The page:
Gerhard Richter is known for a prolific and stylistically varied exploration of the medium of painting, often incorporating and exploring the visual effects of photography. 'Picturing things, taking a view, is what makes us human; art is making sense and giving shape to that sense'. He also says, 'art is the highest form of hope.'Read More
In the early 1960s, Richter began to create large-scale photorealist copies of black-and-white photographs rendered in a range of grays, and innovated a blurred effect (sometimes deemed 'photographic impressionism') in which portions of his compositions appear smeared or softened-paradoxically reproducing photographic effects and revealing his painterly hand. With heavily textured abstract gray monochromes, Richter introduced abstraction into his practice, and he has continued to move freely between figuration and abstraction, producing geometric 'Colour Charts', bold, gestural abstractions, and 'Photo Paintings' of anything from nudes, flowers, and cars to landscapes, architecture, and scenes from Nazi history. Richter absorbed a range of influences, from Caspar David Friedrich and Roy Lichtenstein to Art Informel and Fluxus.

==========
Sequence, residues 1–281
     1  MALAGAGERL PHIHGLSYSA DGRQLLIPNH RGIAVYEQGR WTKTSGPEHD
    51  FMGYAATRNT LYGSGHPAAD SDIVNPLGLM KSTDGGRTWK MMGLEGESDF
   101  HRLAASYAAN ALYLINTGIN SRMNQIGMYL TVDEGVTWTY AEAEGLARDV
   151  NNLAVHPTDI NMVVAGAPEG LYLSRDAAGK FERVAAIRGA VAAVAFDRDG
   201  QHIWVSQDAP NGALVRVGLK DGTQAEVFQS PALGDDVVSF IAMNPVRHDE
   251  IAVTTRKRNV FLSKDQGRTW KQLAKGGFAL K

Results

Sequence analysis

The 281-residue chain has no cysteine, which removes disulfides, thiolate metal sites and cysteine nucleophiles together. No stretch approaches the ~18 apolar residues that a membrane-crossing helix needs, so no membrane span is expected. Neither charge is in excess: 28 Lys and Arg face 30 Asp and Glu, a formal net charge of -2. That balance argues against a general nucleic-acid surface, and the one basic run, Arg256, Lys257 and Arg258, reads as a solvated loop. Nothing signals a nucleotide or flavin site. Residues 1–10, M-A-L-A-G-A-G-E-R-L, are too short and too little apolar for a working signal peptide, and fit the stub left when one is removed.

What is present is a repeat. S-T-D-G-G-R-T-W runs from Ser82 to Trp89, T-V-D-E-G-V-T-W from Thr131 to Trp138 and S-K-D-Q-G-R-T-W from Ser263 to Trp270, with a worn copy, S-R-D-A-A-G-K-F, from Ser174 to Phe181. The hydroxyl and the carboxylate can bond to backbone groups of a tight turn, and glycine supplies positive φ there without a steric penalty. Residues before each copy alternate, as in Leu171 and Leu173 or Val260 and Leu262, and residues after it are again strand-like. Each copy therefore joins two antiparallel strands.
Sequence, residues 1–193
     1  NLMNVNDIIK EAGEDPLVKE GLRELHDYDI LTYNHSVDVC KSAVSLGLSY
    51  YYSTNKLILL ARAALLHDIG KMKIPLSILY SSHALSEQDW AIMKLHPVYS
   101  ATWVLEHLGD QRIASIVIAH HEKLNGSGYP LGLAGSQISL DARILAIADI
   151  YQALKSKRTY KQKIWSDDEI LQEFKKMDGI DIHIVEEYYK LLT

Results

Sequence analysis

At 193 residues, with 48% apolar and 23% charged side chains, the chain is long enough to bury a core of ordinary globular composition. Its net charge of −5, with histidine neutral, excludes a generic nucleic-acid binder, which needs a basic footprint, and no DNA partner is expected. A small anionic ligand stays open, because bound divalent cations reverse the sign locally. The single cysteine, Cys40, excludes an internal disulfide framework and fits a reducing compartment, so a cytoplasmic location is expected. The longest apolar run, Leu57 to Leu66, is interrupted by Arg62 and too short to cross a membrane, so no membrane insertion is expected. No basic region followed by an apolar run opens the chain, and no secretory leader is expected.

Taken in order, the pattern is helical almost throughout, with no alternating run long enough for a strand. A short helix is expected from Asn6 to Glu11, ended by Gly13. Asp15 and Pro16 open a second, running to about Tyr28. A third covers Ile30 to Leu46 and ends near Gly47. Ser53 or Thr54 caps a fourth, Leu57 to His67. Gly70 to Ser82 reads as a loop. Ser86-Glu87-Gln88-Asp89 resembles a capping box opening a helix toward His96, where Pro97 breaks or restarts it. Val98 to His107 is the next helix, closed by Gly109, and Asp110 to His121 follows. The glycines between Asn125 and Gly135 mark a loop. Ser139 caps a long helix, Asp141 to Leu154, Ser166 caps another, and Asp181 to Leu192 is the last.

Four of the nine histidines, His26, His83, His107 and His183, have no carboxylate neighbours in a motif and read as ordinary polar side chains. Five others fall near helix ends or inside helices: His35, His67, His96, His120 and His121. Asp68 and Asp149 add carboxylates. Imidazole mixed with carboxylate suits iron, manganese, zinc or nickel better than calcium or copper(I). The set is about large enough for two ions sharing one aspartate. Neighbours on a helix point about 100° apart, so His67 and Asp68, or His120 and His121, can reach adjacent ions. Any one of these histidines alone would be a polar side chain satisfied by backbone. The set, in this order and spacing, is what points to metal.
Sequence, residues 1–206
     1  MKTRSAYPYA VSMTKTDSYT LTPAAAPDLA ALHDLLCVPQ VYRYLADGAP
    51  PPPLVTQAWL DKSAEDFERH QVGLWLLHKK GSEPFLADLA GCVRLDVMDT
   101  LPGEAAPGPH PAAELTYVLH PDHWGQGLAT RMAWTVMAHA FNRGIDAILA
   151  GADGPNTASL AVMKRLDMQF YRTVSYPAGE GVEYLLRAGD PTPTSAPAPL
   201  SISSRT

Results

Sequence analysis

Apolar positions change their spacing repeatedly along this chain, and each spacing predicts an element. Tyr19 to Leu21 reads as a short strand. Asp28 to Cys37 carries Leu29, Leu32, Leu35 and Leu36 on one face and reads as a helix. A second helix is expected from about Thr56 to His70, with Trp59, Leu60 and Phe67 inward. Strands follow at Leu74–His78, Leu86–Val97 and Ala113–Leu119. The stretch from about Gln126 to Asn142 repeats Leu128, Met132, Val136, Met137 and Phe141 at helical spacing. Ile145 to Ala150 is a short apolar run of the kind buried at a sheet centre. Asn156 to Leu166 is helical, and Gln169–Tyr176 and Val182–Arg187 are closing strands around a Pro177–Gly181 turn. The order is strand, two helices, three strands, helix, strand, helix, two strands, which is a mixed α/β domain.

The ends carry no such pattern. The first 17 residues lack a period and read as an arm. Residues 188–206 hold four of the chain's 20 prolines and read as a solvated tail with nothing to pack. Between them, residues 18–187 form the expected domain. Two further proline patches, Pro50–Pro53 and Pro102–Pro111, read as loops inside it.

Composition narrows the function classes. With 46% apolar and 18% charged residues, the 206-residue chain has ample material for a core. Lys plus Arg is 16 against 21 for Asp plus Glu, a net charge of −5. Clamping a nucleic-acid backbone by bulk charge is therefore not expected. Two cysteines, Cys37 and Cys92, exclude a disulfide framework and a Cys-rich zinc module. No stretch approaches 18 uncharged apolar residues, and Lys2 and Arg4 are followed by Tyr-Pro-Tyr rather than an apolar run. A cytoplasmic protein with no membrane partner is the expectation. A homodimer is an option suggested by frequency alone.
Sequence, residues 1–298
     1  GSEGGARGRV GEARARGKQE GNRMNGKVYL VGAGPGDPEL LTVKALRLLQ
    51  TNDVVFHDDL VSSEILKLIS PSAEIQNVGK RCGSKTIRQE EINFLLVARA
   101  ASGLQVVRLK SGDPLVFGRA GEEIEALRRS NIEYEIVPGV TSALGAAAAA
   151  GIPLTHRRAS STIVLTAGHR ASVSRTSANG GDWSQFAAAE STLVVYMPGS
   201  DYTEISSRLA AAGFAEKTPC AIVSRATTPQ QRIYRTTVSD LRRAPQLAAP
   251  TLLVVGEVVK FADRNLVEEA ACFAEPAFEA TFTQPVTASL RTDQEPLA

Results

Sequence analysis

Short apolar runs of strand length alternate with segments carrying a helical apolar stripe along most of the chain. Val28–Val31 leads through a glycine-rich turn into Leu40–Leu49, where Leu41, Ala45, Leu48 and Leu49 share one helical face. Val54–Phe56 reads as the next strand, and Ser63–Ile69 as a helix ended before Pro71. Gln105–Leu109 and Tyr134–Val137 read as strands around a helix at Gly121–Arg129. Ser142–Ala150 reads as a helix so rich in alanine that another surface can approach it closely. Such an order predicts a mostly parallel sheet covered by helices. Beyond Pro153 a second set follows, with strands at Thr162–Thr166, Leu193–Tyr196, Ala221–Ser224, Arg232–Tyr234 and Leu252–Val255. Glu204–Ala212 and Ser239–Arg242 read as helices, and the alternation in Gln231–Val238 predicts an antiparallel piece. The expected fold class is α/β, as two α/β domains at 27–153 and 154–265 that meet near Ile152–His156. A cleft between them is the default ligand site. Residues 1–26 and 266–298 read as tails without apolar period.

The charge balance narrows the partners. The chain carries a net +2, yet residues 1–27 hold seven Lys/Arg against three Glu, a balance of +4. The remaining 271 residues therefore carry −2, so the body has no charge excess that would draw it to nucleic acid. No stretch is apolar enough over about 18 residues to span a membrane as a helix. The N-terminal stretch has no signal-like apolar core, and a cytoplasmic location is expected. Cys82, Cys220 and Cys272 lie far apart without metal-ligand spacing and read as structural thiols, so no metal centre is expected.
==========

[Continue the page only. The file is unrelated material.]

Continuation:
Text courtesy Dellasposa Gallery.
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